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As a storyteller with a degree in electrical engineering, I’m about as dual-brained as one can get. I attend both the churches of Pathos and Logos. My left brain is filled with the gospels of physics, mathematics, and the creeds of deduction and induction. My right brain is infused with parables of the human condition, such as art, empathy, and symbolism. My bi-modal education helps me to present ideas and teach concepts.

However, dual-membership has its challenges, especially while encountering those with hemispherical bias. For example, someone who equates pure fact with truth is likely to miss the deeper meaning of something. Or, the opposite case, where someone’s reliance on pure emotion gives them false-license to discard facts entirely.

Robert McKee, author of the seminal book Story: Substance, Structure, Style, and the Principles of Screenwriting, warns us of relying on fact alone.

“‘The personal story’ is unstructured, slice-of-life portraiture that mistakes verisimilitude for truth. This writer believes that the more precise his observations of day-to-day facts, the more accurate his reportage of what happens, the more truth he tells. But fact, no matter how minutely observed, is truth with a small ‘t.’ Big ‘T’ truth is located behind, beyond, inside, below the surface of things, holding reality together or tearing it apart, and cannot be directly observed. Because this writer only sees what is visible and factual, he is blind to the truth of life.” 1

John Allen Paulos, the author of Innumeracy: Mathematical Illiteracy and Its Consequences, demonstrates the unfair advantage that emotion holds over innumerates (folks who don’t understand mathematical probabilities). For example, when presented with the infinitesimally small probability of dying in a plane crash:

“… the innumerate will inevitably respond with the non sequitur, “Yes, but what if you’re that one,” and then nod knowingly, as if they’ve demolished your argument with their penetrating insight. This tendency to personalize is…a characteristic of many people who suffer from innumeracy.” 2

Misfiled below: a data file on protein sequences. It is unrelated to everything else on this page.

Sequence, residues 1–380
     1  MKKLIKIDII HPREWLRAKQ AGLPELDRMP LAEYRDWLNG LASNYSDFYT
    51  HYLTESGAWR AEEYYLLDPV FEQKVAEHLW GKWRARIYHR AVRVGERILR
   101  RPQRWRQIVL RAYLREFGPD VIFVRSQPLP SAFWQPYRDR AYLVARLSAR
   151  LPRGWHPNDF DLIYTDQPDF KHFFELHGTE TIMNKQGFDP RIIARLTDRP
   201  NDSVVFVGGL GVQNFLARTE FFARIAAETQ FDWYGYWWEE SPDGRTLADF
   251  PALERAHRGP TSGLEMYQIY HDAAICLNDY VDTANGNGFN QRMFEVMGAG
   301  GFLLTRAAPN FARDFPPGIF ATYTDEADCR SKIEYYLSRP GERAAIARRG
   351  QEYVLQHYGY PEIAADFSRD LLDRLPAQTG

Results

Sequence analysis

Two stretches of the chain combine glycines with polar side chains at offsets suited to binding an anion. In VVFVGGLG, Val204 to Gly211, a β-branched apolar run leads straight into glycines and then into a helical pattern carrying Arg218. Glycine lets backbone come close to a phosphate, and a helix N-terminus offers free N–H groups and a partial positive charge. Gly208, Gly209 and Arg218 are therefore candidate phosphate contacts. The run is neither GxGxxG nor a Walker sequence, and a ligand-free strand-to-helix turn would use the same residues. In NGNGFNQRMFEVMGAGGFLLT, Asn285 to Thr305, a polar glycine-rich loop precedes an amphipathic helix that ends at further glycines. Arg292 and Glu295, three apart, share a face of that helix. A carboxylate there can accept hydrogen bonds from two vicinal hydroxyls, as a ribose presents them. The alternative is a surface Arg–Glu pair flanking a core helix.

The storyteller cannot live on one side or the other. Attempting to prove a point through dogpiling facts will likely obscure their actual meaning. And without understanding those facts, the fear of dying in a plane crash will likely rule one’s decisions.  We need both fact and emotion to tell the whole story.

Edward Tenner, the author of  Why Things Bite Back: Technology and the Revenge of Unintended Consequences3 uses the car alarm to demonstrate.

    • Fact: Car alarms reduce automobile thefts.
    • Emotion: Frustrated by the inability to steal silently, auto thieves have resorted to stealing cars with the occupants still in them.
    • Full Story: While alarms have reduced the number of stolen parked cars, it has simultaneously increased the number of carjackings. As a result, the technology has transformed a crime of larceny into a crime of violence.

Take a look at your most recent message. List all the facts. List all of the emotions around those facts. Can you create a message that intertwines them?

Notes:

  1. Robert McKee, Story: Substance, structure, Style, and the Principles of Screenwriting (New York: itbooks, 1997), 23-24.
  2. John Allen Paulos, Innumeracy: Mathematical Illiteracy and Its Consequences (New York: Vintage Books, 1988), 9-10.
  3. Edward Tenner, Why Things Bite Back: Technology and the Revenge of Unintended Consequences (New York: Vintage Books, 1997)

Photo Credit: Library of Congress

 

 

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